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The Predator Movie Review

The Predator (2018) movie poster The Predator

Theatrical Release: September 14, 2018 / Running Time: 107 Minutes / Rating: R

Director: Shane Black / Writers: Fred Dekker, Shane Black (screenplay); Jim Thomas, John Thomas (characters)

Cast: Boyd Holbrook (Quinn McKenna), Trevante Rhodes (Gaylord "Nebraska" Williams), Jacob Tremblay (Rory McKenna), Keegan-Michael Key (Coyle), Olivia Munn (Casey Bracket), Sterling K. Brown (Traeger), Thomas Jane (Baxley), Alfie Allen (Lynch), Augusto Aguilera (Nettles), Jake Busey (Keyes), Yvonne Strahovski (Emily McKenna), Brian Prince (Predator), Mike Dopud (Dupree), Niall Matter (Sapir), Javier Lacroix (Cantina Bartender)


With Star Wars now at Disney, Alien having experienced a sharp decline in demand, Wolverine retired, and the X-Men seemingly awaiting absorption into the Marvel Cinematic Universe, 20th Century Fox does not have an abundance of beloved franchises at the moment. Thus, the studio isn't above experimenting with established brands, even if they're not super popular.
There hadn't been a highly regarded Planet of the Apes movie in over forty years when they gave birth to the trilogy whose every installment ranks among this decade's top films. Perhaps the thinking is that with the right people any universe could be similarly revived.

The Predator franchise is not entirely unlike pre-reboot Apes in that it contains one esteemed sci-fi action movie and a number of less respected sequels. 1987's Predator starring Arnold Schwarzenegger is somewhat celebrated. After just a single sequel and a big break, the line crossed paths with a kindred Fox franchise in two Alien vs. Predator movies. Then, there was 2010's Predators produced by Robert Rodriguez, a passable reboot that didn't exactly spark fervor. Now here is The Predator, directed and co-written by Shane Black, who began his career as a Lethal Weapon scribe, acted in the original Predator (and reportedly did uncredited script work), and has since earned high marks for helming the crime action-comedies Kiss Kiss Bang Bang and The Nice Guys. Black also directed and co-wrote Iron Man 3, so he's not unversed in sci-fi fare with more commercial leanings.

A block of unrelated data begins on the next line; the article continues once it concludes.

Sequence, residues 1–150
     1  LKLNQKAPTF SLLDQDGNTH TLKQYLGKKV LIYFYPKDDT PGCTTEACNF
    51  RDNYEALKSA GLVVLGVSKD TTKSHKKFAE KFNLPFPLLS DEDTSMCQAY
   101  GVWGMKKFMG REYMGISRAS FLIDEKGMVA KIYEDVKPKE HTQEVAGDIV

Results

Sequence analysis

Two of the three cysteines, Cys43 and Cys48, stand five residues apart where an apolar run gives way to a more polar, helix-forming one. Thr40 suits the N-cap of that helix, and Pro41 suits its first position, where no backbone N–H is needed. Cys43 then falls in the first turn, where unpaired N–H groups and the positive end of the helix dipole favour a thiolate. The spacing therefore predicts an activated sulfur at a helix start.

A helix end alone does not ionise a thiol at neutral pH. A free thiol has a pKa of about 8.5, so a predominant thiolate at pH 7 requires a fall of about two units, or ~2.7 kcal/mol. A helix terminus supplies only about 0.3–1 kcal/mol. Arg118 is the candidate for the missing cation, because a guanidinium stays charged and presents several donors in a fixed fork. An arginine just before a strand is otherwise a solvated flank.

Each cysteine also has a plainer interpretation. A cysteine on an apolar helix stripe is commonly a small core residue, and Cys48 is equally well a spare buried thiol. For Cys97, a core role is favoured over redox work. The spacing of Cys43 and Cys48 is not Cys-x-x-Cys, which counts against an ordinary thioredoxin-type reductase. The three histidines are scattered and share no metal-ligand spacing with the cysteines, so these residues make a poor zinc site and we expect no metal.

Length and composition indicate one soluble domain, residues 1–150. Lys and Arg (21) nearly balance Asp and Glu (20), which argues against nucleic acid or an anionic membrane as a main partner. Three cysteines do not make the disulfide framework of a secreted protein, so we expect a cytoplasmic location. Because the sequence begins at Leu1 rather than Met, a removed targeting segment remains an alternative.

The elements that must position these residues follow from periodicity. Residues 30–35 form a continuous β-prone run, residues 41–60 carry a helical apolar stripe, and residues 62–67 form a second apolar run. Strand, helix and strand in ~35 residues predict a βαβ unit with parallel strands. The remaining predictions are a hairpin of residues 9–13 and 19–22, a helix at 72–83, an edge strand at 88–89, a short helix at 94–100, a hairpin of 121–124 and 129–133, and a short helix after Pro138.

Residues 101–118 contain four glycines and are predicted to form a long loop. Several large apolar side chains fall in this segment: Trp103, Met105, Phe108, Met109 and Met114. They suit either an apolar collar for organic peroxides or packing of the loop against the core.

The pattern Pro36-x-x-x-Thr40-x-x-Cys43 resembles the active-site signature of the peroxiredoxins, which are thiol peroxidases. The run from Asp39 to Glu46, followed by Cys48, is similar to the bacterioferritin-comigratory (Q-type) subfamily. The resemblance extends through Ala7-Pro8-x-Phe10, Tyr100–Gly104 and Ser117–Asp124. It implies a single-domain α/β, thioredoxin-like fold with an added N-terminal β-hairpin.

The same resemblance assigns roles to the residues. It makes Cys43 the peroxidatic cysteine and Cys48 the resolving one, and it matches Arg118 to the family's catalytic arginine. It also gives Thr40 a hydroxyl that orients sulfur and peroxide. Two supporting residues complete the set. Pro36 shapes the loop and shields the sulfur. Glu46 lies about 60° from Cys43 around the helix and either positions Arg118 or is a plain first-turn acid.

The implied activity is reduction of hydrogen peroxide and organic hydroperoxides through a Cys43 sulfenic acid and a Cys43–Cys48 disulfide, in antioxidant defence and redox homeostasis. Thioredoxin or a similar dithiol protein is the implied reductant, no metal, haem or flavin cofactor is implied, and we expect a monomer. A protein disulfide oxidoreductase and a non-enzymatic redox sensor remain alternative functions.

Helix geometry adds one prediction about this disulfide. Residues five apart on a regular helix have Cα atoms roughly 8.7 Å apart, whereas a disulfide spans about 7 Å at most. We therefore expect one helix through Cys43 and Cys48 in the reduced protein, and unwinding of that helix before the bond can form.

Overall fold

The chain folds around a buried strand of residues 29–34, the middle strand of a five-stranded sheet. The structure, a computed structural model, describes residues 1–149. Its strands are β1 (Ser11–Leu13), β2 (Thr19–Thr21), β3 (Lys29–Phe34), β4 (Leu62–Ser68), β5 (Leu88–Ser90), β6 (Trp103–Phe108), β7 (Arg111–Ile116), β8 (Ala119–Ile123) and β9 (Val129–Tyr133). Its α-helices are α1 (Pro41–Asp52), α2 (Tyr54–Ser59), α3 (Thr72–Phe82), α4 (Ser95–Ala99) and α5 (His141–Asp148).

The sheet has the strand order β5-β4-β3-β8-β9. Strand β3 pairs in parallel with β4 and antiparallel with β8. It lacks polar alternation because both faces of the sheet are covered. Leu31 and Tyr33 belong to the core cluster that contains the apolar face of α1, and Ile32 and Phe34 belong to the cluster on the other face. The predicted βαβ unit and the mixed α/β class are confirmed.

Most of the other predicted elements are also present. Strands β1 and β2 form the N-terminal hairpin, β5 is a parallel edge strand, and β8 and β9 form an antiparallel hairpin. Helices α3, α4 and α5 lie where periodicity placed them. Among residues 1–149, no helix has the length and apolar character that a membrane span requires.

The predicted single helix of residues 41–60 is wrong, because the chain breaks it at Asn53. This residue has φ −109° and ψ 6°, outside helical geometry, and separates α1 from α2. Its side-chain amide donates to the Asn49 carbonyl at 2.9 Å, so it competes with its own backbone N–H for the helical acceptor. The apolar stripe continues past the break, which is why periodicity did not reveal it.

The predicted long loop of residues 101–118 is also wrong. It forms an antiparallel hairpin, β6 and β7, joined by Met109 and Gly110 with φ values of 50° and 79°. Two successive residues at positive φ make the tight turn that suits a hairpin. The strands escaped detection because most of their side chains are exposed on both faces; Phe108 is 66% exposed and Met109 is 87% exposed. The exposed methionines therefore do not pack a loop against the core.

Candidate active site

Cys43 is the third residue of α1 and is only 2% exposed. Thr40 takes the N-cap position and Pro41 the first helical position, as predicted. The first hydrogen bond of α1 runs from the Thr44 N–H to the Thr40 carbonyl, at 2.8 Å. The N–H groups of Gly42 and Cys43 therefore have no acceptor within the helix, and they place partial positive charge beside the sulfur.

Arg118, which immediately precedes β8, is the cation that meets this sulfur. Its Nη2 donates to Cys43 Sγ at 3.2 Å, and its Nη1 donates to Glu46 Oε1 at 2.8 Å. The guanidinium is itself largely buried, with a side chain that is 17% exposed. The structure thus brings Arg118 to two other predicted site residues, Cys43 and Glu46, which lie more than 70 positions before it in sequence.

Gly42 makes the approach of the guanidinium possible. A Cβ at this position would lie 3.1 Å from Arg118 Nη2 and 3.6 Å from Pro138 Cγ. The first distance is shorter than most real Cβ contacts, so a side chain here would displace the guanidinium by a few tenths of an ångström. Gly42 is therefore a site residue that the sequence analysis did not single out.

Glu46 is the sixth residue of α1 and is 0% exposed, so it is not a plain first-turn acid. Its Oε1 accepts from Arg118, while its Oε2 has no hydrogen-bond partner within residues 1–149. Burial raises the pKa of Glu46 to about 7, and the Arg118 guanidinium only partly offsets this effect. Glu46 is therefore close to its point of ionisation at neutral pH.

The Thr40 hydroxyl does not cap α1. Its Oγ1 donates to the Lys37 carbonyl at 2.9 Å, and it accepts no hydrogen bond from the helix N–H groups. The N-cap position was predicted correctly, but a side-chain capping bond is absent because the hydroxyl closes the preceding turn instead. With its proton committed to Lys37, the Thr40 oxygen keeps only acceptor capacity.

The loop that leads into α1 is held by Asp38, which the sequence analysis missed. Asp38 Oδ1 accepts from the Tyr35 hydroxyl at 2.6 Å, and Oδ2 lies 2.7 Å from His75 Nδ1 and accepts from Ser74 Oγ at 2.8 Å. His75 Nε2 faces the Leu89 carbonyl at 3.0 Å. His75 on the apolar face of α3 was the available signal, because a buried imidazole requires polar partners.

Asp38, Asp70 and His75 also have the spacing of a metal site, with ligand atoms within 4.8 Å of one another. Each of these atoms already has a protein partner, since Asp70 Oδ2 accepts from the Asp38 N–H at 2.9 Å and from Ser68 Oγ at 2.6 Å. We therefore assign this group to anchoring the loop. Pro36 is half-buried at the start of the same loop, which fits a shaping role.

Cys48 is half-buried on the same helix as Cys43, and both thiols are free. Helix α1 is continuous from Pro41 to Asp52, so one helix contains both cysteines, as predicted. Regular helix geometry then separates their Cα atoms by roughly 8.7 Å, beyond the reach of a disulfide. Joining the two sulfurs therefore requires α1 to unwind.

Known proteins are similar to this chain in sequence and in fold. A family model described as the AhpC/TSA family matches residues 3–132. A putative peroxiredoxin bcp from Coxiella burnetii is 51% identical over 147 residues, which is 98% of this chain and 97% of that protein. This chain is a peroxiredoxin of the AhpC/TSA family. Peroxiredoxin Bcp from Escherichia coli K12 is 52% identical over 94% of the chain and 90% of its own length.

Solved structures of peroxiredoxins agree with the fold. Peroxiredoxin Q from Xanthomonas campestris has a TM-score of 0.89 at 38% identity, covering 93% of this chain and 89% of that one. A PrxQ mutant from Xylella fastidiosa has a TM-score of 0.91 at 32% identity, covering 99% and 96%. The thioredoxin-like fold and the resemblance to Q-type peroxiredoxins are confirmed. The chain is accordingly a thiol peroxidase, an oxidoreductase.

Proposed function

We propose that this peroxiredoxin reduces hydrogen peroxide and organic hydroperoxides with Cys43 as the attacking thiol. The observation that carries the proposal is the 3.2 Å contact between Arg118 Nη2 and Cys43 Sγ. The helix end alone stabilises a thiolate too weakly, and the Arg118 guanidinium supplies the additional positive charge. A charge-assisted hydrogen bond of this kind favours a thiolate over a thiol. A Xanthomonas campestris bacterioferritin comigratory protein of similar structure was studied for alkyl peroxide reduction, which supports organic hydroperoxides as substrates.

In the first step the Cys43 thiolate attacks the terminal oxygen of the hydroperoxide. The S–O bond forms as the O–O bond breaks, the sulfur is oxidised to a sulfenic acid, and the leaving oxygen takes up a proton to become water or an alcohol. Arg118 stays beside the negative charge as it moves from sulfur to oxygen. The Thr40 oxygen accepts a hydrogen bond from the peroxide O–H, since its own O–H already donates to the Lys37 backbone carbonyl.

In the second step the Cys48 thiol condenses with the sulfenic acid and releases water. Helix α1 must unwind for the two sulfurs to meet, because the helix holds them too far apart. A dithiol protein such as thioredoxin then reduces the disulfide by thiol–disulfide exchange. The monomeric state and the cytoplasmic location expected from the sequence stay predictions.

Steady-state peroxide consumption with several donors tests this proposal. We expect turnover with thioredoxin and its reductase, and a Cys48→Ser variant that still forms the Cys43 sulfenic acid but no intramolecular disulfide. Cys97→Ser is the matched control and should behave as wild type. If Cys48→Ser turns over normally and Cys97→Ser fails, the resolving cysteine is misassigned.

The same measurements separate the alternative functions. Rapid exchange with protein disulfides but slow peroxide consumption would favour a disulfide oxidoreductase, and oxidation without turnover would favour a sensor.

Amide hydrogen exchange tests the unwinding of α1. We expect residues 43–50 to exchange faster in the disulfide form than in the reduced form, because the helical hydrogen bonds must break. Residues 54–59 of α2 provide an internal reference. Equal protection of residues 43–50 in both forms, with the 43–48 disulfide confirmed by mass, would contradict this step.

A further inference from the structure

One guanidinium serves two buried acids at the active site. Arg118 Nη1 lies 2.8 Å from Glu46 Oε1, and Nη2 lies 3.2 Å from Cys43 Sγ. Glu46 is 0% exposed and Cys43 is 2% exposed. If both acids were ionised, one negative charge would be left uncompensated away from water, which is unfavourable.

This newest chapter opens in a Mexican jungle where Army sniper Quinn McKenna (Boyd Holbrook) is about to take out some members of a drug cartel during a hostage exchange. Instead, an alien spacecraft crashes down there and out comes a familiar presence: a tall, dreadlocked alien who is virtually indestructible and, when he wants to be, pretty invisible. McKenna narrowly escapes with his life and mails back a helmet and armpiece from this fierce creature who took the lives of two of his soldiers to his son Rory (Room's Jacob Tremblay), a middle school genius with pretty severe Asperger anxieties.

The Predator escapes from a top secret government research compound in Shane Black's 2018 film "The Predator."

The gifted Rory soon activates and explores the otherworldly tech, finding a suitable Halloween mask out of it in the process. His use of the materials does put a bullseye on the house and family for the alien, who we've seen escape tranquilized restraint in a high-tech government science lab where pretty biologist Casey Bracket (Olivia Munn) has been brought in to lend her expertise. The facility escape also happens to be where the elder McKenna finds himself being transported to some group therapy after his account of the jungle phenomenon gets him a dubious psychiatric evaluation.